How Do Scientists Understand Openness? Exploring the Relationship between Open Science Policies and Research Practice
Bulletin of Science Technology and Society
SAGE Publications (UK and US)
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This paper documents how biomedical researchers in the United Kingdom understand and enact the idea of “openness.” This is of particular interest to researchers and science policy worldwide in view of the recent adoption of pioneering policies on Open Science and Open Access by the UK government – policies whose impact on and implications for research practice are in need of urgent evaluation, so as to decide on their eventual implementation elsewhere. This study is based on 22 in-depth interviews with UK researchers in systems biology, synthetic biology and bioinformatics, which were conducted between September 2013 and February 2014. Through an analysis of the interview transcripts, we identify seven core themes that characterize researchers’ understanding of openness in science, and nine factors that shape the practice of openness in research. Our findings highlight the implications that Open Science policies can have for research processes and outcomes, and provide recommendations for enhancing their content, effectiveness and implementation.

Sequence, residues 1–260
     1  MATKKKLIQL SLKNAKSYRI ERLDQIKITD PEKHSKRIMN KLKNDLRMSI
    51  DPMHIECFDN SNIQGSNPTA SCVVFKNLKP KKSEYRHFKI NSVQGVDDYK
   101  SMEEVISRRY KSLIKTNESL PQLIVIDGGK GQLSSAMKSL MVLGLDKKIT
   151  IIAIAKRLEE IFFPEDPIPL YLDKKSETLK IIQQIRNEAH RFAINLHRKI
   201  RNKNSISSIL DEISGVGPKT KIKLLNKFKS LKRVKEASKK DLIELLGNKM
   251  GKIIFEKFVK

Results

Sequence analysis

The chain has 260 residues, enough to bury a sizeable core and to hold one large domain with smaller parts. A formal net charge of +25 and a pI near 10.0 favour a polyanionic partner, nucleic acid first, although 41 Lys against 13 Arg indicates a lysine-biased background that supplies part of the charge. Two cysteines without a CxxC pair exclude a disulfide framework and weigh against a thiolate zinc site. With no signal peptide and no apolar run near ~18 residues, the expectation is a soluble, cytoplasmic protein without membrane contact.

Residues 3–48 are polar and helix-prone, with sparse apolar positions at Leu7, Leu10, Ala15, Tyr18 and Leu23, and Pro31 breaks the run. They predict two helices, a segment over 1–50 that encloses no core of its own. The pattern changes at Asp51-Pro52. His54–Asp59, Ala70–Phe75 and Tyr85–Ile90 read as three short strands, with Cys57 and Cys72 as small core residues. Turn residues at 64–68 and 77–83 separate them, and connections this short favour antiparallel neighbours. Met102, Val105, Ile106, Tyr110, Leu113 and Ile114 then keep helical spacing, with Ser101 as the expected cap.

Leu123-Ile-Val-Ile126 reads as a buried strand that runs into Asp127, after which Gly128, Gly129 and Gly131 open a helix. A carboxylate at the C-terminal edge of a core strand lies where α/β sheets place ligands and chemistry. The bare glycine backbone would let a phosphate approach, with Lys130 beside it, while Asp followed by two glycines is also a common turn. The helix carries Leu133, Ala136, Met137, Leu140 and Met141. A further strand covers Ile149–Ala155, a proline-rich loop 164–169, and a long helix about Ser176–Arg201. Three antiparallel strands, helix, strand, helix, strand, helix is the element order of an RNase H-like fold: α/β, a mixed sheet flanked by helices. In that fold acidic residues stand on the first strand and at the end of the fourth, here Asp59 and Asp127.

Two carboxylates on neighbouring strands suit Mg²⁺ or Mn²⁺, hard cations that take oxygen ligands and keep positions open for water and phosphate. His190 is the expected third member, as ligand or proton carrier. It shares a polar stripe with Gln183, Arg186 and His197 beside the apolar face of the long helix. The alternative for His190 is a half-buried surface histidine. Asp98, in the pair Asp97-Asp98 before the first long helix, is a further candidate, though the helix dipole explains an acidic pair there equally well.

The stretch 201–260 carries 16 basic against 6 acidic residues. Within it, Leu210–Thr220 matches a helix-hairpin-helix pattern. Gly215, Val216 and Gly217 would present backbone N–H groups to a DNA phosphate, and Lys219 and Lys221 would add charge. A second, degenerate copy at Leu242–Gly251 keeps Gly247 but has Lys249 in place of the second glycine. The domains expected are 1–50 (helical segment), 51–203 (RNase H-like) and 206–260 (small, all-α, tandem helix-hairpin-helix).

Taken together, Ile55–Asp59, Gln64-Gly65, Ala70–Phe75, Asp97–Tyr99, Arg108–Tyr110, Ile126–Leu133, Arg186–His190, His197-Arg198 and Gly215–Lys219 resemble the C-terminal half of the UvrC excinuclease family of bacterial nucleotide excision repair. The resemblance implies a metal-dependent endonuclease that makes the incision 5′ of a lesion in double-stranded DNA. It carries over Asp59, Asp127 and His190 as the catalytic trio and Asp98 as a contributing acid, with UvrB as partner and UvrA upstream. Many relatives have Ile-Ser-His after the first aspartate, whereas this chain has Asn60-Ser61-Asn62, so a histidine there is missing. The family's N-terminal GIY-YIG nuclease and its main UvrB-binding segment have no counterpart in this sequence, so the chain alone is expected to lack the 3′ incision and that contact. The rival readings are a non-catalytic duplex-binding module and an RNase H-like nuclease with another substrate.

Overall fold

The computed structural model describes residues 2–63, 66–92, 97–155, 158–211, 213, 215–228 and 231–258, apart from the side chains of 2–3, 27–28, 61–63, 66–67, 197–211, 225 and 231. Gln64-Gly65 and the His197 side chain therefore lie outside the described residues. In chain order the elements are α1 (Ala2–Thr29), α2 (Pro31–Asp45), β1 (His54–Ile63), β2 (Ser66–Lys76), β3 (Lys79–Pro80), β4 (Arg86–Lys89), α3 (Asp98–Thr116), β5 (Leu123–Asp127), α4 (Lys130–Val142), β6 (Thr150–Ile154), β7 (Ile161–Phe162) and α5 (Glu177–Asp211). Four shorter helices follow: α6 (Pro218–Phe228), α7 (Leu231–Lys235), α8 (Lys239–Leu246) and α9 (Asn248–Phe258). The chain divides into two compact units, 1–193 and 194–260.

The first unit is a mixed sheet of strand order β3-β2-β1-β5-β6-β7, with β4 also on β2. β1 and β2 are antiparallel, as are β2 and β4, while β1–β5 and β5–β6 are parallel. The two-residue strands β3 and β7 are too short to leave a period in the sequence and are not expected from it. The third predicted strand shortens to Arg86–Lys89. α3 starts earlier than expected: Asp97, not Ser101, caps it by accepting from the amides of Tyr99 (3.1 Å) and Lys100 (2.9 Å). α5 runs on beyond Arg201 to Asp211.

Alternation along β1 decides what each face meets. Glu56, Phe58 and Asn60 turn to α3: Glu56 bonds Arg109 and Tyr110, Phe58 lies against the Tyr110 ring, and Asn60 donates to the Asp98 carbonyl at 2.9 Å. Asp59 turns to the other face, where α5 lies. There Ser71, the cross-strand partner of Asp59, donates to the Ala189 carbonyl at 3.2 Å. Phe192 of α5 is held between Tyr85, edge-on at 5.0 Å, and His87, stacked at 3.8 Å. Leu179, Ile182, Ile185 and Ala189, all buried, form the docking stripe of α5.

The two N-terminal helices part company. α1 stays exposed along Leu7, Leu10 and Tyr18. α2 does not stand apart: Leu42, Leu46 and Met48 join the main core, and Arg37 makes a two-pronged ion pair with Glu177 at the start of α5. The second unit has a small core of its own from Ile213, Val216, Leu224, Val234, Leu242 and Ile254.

This research was funded by a UK Economic and Social Research Council (ESRC) Cross-Linking Grant ES/F028180/1 awarded to Castle, Dupré and Leonelli. The analysis of the interviews and the writing of the paper were also funded by the National Science Foundation award #1431263, which supported Levin’s research time, and the European Research Council grant award 335925, awarded to Leonelli.
This is the author accepted manuscript. The final version is available from the publisher via the DOI in this record.